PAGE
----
Publication

Models and methods: a perspective of the impact of six IMI translational data-centric initiatives for Alzheimer’s disease and other neuropsychiatric disorders

Citation:
North H, Hofmann-Apitius M, Kas MJH, Marston H and Haas M (2023) Models and methods: a perspective of the impact of six IMI translational data-centric initiatives for Alzheimer’s disease and other neuropsychiatric disorders. Front. Neurol. 14:1174079. doi: 10.3389/fneur.2023.1174079
Authored By:
North H, Hofmann-Apitius M, Kas MJH, Marston H and Haas M
Abstract:
The Innovative Medicines Initiative (IMI), was a European public–private partnership (PPP) undertaking intended to improve the drug development process, facilitate biomarker development, accelerate clinical trial timelines, improve success rates, and generally increase the competitiveness of European pharmaceutical sector research. Through the IMI, pharmaceutical research interests and the research agenda of the EU are supported by academic partnership and financed by both the pharmaceutical companies and public funds. Since its inception, the IMI has funded dozens of research partnerships focused on solving the core problems that have consistently obstructed the translation of research into clinical success. In this post-mortem review paper, we focus on six research initiatives that tackled foundational challenges of this nature: Aetionomy, EMIF, EPAD, EQIPD, eTRIKS, and PRISM. Several of these initiatives focused on neurodegenerative diseases; we therefore discuss the state of neurodegenerative research both at the start of the IMI and now, and the contributions that IMI partnerships made to progress in the field. Many of the initiatives we review had goals including, but not limited to, the establishment of translational, data-centric initiatives and the implementation of trans-diagnostic approaches that move beyond the candidate disease approach to assess symptom etiology without bias, challenging the construct of disease diagnosis. We discuss the successes of these initiatives, the challenges faced, and the merits and shortcomings of the IMI approach with participating senior scientists for each. Here, we distill their perspectives on the lessons learned, with an aim to positively impact funding policy and approaches in the future.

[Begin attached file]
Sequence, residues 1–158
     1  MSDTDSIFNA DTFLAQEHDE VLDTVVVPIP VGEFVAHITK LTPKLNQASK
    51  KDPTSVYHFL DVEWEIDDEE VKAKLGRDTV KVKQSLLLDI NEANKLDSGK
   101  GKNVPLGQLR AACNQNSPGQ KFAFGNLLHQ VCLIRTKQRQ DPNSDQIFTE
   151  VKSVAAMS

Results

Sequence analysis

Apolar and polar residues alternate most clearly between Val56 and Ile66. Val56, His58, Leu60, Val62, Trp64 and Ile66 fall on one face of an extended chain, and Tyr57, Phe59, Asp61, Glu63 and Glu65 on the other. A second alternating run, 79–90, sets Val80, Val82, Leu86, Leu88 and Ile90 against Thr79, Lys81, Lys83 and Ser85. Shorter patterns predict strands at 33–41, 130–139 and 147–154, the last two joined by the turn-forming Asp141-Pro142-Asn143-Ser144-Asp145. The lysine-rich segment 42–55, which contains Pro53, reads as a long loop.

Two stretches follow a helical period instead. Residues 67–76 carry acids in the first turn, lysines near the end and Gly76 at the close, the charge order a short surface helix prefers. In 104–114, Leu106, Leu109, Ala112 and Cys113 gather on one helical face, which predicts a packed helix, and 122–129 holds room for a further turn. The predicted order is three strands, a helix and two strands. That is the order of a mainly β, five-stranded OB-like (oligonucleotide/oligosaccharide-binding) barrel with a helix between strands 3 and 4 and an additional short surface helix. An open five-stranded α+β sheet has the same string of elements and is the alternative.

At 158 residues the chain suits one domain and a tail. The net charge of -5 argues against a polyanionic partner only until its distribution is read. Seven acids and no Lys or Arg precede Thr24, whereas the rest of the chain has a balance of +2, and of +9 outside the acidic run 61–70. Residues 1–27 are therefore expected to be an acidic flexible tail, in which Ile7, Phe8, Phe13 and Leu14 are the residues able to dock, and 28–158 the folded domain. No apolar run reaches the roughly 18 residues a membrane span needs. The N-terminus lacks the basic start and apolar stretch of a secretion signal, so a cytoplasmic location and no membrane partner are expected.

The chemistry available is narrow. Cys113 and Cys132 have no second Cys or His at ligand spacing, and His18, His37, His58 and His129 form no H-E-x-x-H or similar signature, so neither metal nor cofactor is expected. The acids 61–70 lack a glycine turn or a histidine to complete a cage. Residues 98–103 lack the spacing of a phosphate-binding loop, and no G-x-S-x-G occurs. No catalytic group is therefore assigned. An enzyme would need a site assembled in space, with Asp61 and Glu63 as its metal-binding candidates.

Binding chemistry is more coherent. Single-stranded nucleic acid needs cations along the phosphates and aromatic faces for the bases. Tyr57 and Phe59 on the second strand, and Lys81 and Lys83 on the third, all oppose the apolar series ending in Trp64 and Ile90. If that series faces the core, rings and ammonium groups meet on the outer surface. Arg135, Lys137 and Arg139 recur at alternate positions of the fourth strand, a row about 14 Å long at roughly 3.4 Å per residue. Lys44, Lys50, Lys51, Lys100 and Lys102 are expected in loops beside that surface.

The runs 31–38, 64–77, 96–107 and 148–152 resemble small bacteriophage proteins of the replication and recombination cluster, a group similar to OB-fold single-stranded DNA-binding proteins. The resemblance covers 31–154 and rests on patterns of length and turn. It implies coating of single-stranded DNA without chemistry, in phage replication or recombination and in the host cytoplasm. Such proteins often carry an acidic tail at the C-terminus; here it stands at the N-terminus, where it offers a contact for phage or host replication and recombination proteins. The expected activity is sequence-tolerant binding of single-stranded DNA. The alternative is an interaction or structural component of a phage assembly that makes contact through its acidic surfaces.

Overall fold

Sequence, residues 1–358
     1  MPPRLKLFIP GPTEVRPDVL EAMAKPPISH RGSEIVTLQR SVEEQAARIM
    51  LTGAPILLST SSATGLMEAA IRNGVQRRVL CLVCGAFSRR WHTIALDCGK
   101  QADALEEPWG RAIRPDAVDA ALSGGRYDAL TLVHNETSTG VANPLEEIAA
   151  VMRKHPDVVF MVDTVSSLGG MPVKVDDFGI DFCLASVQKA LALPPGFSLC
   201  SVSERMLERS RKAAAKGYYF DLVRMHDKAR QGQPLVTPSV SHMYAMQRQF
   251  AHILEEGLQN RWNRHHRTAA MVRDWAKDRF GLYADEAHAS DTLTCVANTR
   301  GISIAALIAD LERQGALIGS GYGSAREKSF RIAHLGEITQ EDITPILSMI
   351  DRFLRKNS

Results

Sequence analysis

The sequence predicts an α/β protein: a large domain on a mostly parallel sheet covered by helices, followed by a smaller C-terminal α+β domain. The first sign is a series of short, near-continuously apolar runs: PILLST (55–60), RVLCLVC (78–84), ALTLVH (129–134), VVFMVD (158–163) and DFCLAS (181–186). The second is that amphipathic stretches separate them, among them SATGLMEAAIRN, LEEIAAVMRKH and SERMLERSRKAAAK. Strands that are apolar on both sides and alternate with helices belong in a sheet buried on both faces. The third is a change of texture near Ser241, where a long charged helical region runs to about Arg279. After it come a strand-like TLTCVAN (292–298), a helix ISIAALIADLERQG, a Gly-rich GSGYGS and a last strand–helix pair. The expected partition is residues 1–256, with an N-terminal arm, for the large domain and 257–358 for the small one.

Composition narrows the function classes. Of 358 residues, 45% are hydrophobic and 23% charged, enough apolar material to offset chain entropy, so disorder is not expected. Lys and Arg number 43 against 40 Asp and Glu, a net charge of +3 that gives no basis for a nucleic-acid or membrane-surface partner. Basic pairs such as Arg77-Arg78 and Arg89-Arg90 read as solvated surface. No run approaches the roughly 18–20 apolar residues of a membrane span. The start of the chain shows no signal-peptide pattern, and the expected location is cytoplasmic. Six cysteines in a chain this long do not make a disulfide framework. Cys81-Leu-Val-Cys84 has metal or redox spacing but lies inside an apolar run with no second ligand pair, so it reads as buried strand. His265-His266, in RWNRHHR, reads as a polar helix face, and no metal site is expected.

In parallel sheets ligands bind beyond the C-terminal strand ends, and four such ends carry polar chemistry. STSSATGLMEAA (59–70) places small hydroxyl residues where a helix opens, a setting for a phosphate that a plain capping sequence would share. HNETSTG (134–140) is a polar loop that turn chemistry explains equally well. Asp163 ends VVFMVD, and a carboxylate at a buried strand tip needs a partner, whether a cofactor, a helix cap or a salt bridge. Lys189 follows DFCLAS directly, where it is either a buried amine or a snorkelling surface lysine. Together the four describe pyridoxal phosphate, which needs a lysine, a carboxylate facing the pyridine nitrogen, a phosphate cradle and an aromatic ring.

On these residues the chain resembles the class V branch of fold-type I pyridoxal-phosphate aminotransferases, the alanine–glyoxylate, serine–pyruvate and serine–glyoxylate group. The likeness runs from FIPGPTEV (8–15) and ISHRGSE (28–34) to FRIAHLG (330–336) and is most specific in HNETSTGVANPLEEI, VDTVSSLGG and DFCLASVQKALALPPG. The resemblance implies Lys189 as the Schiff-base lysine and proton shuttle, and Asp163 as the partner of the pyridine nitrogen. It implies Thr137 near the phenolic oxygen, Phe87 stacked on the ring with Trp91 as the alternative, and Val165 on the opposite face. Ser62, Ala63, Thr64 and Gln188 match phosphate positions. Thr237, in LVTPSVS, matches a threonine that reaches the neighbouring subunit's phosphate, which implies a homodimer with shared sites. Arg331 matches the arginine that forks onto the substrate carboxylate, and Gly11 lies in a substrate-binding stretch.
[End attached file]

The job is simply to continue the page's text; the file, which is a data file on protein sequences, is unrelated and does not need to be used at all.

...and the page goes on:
Published in:
Frontiers in Neurology

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